Olivia Trinidad Harrison (née Arias; born May 18, 1948) is an American author and film producer, and the widow of musician George Harrison of the Beatles.
She first worked in the music industry in Los Angeles, for A&M Records, where she met George and then helped run his Dark Horse record label.
In 1990, she launched the Romanian Angel Appeal to raise funds for the thousands of orphans left abandoned in Romania after the fall of Communism there.
Following her husband's death in 2001, Harrison has continued his international aid efforts through projects in partnership with UNICEF, and is the curator of film, book and music releases related to his legacy.
She represents his voice on the Beatles' Apple Corps board and is similarly a director of his charity organisation, the Material World Foundation (MWF).
Under the auspices of MWF, she has sponsored the preservation of film history in collaboration with American director Martin Scorsese.
These restoration projects include short films by Charlie Chaplin and works from 1940s Mexican cinema.
Harrison shared George's spiritual inclinations, and from the mid-1970s her influence was reflected in a renewed optimism in his music.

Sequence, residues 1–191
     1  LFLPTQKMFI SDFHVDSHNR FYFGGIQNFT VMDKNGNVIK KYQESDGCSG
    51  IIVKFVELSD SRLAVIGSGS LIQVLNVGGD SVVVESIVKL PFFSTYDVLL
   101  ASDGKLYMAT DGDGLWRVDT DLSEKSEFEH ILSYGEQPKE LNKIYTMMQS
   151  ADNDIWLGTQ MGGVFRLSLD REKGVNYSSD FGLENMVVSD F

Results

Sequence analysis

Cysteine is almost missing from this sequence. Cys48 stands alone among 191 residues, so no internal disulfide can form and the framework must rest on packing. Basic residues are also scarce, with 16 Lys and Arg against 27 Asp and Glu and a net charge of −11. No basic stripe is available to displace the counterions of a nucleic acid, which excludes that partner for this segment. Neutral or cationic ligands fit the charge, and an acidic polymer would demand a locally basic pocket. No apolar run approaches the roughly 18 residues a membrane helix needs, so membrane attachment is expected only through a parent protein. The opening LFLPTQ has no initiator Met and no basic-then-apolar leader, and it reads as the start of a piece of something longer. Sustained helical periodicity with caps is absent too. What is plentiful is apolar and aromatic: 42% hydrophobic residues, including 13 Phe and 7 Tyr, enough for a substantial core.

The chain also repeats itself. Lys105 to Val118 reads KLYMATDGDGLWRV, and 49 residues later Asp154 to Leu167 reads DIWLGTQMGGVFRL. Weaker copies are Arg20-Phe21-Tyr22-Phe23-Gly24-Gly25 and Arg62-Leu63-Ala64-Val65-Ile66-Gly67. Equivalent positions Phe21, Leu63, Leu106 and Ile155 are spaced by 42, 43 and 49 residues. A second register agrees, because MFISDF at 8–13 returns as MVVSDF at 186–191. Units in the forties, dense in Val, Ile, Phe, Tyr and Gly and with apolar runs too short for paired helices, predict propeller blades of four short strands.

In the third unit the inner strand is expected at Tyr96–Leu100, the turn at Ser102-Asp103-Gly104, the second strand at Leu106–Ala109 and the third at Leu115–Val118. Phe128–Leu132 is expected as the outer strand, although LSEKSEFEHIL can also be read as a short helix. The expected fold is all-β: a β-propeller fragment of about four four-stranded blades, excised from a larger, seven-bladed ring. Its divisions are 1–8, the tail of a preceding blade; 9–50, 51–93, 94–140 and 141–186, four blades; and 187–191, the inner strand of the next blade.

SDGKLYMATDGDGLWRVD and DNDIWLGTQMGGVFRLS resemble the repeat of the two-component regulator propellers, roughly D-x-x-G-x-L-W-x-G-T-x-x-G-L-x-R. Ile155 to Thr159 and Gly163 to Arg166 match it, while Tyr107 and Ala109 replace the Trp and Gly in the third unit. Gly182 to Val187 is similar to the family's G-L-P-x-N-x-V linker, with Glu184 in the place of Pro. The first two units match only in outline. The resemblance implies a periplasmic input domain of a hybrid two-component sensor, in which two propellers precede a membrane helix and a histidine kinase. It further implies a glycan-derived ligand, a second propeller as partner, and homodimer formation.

At their Friar Park home in December 1999, when she overpowered a knife-wielding intruder who had repeatedly stabbed George, her actions were recognized as having saved her husband's life.
Among Harrison's film projects, her production of Concert for George won the Grammy Award for Best Long Form Music Video in 2005, and her co-production of Scorsese's 2011 documentary George Harrison: Living in the Material World won an Emmy Award in the category "Outstanding Documentary or Nonfiction Special".
She authored books to accompany both these films, and in 2017 compiled a revised edition of George's 1980 autobiography, I, Me, Mine.
She is the mother of Dhani Harrison, also a musician.